How Europe is lifting ban on dual citizenship and whether Ukraine will have to follow the example

Wednesday, 15 May 2024 —

In January 2024, President Volodymyr Zelenskyy submitted a draft law multiple citizenship to parliament for the third time in his tenure. But it seems that this bill has been buried again.

Meanwhile, Ukraine is not the only one facing challenges in implementing such changes. Normalisation and permission for multiple citizenship are becoming a common trend in Europe.

Read more about how and why the rules regarding citizenship in Europe are changing and who still keep restrictions from the past era, which Ukraine is now trying to cancel, in the article by Sergiy Sydorenko, European Pravda's editor – Dual citizenship for Europe: Where in the West the restrictions, Ukraine tries to cancel, still work.

A strict ban on dual citizenship is a relic of the past. The Strasbourg Convention obliges European states to punish with deprivation of citizenship those who voluntarily obtain the passport of another country.


Times have changed. Borders on the European continent have become truly transparent. In 1985, Western European states even signed the Schengen Agreement, agreeing to remove border controls between themselves. Work and academic mobility were growing at a pace unimaginable in 1950s.

There were increasingly more mixed marriages. Children from these marriages typically became citizens of both parental countries. And with the end of the Cold War, European countries, one after another, abolished mandatory military conscription, rendering one of the ban key reasons meaningless.

Punishment for dual citizenship became obsolete.

Therefore, in 1993, the states parties to the Strasbourg Convention adopted amendments, which provided for a bunch of exceptions based on family ties, when no punishment could be imposed on a person with two passports.

Joint restrictions on multiple citizenship lost their meaning. So with the EU enlargement to Central and Eastern Europe, none of the countries there joined the agreement, considering it outdated. And in the 2000s, there was a wave of denunciations across the continent, withdrawing from this agreement.

However, there are two exceptions – Austria and the Netherlands, which remained full-fledged convention participants.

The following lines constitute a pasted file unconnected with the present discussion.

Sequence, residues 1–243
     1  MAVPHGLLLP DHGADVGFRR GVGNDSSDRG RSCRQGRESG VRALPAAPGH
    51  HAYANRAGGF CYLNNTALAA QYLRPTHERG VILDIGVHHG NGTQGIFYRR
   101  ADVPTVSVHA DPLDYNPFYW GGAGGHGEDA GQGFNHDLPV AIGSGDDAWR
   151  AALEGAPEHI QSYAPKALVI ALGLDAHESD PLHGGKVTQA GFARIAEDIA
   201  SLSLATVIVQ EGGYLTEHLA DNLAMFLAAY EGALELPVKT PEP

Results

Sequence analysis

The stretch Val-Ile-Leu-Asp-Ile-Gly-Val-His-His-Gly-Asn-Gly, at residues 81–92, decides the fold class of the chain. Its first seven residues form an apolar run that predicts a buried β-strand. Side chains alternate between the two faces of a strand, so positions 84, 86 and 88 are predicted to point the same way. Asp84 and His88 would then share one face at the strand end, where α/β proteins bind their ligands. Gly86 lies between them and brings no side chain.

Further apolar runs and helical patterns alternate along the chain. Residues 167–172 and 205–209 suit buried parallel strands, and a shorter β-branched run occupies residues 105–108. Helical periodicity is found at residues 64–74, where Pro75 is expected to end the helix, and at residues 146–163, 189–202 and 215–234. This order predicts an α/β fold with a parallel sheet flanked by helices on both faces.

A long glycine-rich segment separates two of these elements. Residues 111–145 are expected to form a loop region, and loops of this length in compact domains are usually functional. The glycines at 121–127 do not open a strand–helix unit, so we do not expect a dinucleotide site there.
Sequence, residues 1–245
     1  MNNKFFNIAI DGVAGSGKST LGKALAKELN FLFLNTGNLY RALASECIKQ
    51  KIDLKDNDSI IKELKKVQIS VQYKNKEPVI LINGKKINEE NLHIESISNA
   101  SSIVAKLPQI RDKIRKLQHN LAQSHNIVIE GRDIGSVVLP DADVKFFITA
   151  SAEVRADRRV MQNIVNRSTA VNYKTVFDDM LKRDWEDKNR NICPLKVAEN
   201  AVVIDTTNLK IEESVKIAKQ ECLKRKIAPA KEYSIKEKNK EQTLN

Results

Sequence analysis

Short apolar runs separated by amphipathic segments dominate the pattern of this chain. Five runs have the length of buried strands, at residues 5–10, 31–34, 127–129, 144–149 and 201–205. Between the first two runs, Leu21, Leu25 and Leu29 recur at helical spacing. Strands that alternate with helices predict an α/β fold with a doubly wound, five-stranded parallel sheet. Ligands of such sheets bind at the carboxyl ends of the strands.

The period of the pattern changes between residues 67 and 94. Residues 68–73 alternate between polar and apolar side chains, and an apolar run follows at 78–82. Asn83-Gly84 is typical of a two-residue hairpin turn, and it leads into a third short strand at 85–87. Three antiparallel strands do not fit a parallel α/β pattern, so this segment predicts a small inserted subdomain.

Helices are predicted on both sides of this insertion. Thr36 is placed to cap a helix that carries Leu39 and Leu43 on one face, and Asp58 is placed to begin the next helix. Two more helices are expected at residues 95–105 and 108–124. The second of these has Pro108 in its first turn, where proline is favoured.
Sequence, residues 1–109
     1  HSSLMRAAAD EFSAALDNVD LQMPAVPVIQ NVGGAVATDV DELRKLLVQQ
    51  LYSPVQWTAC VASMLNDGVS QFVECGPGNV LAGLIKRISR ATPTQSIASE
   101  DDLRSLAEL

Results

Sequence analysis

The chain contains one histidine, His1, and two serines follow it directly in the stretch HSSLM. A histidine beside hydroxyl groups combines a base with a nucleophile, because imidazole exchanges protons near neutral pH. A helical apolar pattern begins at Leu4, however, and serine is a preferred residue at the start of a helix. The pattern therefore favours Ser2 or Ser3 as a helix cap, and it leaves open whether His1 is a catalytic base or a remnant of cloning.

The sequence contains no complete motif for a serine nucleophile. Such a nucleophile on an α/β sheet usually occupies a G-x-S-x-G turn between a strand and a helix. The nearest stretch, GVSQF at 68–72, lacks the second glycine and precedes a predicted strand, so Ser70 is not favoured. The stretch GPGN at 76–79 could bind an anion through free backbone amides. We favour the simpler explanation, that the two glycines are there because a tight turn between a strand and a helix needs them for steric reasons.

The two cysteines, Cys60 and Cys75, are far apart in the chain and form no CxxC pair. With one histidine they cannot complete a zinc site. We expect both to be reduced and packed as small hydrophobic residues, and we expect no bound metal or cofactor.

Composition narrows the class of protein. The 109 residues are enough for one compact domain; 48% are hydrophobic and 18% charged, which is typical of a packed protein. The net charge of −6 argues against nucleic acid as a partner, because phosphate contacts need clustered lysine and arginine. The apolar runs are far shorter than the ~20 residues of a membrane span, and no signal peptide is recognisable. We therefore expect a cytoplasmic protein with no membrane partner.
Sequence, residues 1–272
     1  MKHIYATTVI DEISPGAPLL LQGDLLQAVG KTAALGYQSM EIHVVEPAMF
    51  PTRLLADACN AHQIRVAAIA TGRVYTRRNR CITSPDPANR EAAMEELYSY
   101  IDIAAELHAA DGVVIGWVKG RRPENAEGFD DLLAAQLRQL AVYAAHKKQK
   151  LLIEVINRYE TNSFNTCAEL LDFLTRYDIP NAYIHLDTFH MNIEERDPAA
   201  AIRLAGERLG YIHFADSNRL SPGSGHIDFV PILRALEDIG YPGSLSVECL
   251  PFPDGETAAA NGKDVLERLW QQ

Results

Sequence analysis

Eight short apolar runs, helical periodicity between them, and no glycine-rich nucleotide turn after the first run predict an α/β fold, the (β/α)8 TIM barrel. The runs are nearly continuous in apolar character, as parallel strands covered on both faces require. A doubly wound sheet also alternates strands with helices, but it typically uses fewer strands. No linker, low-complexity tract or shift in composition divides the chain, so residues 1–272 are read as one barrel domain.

Although discussions are ongoing even there to somehow soften the current norms.

However, it cannot be said that all other European capitals, except Vienna and The Hague, have definitively lifted the ban on dual citizenship, which de facto or de jure was valid there. Some Central and Eastern Europe countries still have such restrictions.

Primarily, these are Lithuania and Slovakia.

Normalisation of dual or multiple citizenship continues today.

But as for Lithuanians who are trying to amend the constitution, one can only feel sorry for them. Both referendums on this matter failed.

Germans will most likely radically change the system soon.

The Bundestag has approved a bill that, among other things, removes all restrictions on dual citizenship and normalises it.

And since Germany is a "compass" for many other states, this may push other capitals, including Vienna, to soften their stance.

In Poland, dual citizenship is not prohibited, but it is clearly declared that such a person is considered only a citizen of Poland.

By the way, the second principle is also enshrined in the Ukrainian legislation – both in the current one (which, contrary to stereotypes, allows dual citizenship in many cases) and in the draft proposed by the president.

Will Ukraine join the absolute European majority, or will it leave the norms punishing the "dual citizens"? Until the parliament adopts a new citizenship law, this question remains open.

If you notice an error, select the required text and press Ctrl + Enter to report it to the editors.